United States District Court, D. Kansas
MEMORANDUM AND ORDER
MURGUIA, UNITED STATES DISTRICT JUDGE.
matter comes before the court upon defendant Ronald Thomas,
Jr.'s pro se “Motion Stating Grounds For Relief
From a Judgment, Order, or Proceeding Pursuant to Federal
Rules of Civil Procedures 60(b)(5) and (6)” (Doc. 106).
Defendant pleaded guilty to violation of 18 U.S.C. §
860(a) and 18 U.S.C. § 2, distributing crack cocaine
within 1, 000 feet of a school, on July 20, 2009. Defendant
was sentenced on July 27, 2010 to 188 months in the custody
of the Bureau of Prisons, followed by six years of supervised
release. Defendant did not file a direct appeal.
29, 2016, defendant filed a Motion to Vacate under 28 U.S.C.
§ 2255, arguing the Supreme Court's decision in
Johnson v. United States, 135 S.Ct. 2551 (2015),
created a new and retroactive constitutional rule.
Specifically, defendant argued the sentence enhancement
applied by this court based on his career offender status
under U.S.S.G. § 4B1.2 is unconstitutional after
Johnson because the Supreme Court held a
“violent felony” residual clause is
unconstitutionally vague. This court dismissed that motion on
May 22, 2017 because the United States Supreme Court held the
advisory sentencing guidelines are not subject to vagueness
challenges under the due process clause. Beckles v.
United States, 137 S.Ct. 886, 890 (2017). Thus,
“no new rule or constitutional law provides defendant
an avenue for relief.” (Doc. 105, at 1.) This court
also declined to issue a certificate of appealability for
filed the current motion on February 20, 2018. For the
reasons set forth below, the court determines this is a
second or successive habeas petition under 28 U.S.C. §
2244 and transfers defendant's motion to the Tenth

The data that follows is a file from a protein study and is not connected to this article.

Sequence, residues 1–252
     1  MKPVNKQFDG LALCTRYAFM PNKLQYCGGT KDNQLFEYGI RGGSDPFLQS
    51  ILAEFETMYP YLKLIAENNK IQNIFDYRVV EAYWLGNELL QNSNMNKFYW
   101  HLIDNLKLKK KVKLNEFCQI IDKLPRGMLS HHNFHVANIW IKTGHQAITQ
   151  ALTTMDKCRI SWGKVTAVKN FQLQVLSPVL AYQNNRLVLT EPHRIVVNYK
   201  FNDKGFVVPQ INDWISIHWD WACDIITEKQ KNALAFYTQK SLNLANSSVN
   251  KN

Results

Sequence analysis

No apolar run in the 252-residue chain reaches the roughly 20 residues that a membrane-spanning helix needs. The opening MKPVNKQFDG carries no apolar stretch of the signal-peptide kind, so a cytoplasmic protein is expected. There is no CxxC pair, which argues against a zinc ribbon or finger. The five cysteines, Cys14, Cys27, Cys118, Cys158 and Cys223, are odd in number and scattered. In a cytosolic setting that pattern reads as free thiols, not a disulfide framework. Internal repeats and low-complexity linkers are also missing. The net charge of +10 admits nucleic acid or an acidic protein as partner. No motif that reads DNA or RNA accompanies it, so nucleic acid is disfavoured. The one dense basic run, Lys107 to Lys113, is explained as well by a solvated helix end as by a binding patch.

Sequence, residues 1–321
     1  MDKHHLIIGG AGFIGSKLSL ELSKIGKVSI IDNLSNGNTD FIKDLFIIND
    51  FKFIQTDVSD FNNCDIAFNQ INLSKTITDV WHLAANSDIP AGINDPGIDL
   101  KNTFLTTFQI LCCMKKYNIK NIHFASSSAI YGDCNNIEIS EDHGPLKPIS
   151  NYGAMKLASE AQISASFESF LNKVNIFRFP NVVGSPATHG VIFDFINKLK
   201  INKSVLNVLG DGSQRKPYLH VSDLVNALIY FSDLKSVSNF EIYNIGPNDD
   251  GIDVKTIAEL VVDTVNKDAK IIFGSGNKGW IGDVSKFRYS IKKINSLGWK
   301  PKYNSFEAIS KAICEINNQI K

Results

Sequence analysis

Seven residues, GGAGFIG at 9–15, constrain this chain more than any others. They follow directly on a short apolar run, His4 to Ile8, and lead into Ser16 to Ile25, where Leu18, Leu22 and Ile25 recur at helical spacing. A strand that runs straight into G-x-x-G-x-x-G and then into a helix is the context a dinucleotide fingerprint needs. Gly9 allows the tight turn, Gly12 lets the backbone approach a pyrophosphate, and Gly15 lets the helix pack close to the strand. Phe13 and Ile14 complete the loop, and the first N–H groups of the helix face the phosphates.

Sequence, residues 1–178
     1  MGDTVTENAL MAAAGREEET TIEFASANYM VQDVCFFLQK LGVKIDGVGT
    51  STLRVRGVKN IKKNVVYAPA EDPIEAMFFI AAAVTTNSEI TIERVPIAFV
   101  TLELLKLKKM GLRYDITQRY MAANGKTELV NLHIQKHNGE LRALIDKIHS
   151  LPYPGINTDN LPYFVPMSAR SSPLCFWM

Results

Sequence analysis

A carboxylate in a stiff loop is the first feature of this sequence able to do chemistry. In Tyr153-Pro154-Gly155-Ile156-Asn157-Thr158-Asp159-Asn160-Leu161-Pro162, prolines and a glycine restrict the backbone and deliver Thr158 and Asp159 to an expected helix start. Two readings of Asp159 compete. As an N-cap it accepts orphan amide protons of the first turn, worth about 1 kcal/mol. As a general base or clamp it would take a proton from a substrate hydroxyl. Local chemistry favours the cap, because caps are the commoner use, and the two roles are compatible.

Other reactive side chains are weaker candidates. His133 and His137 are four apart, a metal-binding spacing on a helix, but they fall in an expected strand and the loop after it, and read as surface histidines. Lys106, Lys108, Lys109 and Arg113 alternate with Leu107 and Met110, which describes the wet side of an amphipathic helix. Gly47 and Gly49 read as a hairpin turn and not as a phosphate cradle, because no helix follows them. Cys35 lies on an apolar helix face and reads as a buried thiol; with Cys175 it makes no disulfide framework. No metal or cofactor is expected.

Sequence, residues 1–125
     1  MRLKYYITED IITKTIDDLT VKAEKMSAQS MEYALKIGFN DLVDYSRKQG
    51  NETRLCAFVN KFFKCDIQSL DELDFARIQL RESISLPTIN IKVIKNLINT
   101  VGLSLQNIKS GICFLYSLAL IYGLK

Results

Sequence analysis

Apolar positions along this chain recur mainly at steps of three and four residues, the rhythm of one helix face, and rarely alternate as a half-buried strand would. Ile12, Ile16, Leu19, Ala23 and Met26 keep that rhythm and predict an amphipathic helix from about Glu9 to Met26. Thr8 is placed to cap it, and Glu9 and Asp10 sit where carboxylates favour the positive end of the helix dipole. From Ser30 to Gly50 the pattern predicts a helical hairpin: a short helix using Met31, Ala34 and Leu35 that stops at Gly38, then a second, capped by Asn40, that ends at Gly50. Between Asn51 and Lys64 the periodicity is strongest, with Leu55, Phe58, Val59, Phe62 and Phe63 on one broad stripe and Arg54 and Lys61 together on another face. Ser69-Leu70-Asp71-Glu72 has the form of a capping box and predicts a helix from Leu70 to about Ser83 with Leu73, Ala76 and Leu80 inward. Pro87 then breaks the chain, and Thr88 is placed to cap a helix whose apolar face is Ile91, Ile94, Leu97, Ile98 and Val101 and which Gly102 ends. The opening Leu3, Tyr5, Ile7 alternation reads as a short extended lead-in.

Circuit for authorization.
argues he is entitled to relief under Rule 60(b) because he
“did not have access to his Texas state documents, and
relied on counsel to determine if his prior felonies
qualified him for the career offender enhancement.”
(Doc. 106, at 1.) He further agues this court erred in
dismissing his prior motion because the Fifth Circuit
determined Texas Penal Code 38.04, Evading Arrest with a
Motor Vehicle, no longer qualifies as a violent crime offense
for purposes of sentence enhancement and because this outcome
is in conflict with the expressed intent of Congress in 28
U.S.C. § 994(h).
Rule 60(b) motions are to be treated as a second or
successive habeas petition. Gonzalez v.
Crosby, 545 U.S. 524 (2005). After Gonzalez,
the Tenth Circuit set forth rules and procedures to determine
if a motion should be treated as a “true” 60(b)
motion or as a second or successive habeas petition.
Spitznas v. Boone, 464 F.3d 1213, 1215 (10th Cir.
2006). District courts must first determine whether the
motion is a true 60(b) motion or a second or successive
petition. Id. at 1216.
Under Gonzalez, a 60(b) motion is a second or
successive petition if it in substance or effect asserts or
reasserts a federal basis for relief from the
petitioner's underlying conviction. Conversely, it is a
“true” 60(b) motion if it either (1) challenges
only a procedural ruling of the habeas court which precluded
a merits determination of the habeas application; or (2)
challenges a defect in the integrity of the federal habeas
proceeding, provided that such a challenge does not itself
lead inextricably to a merits-based attack on the disposition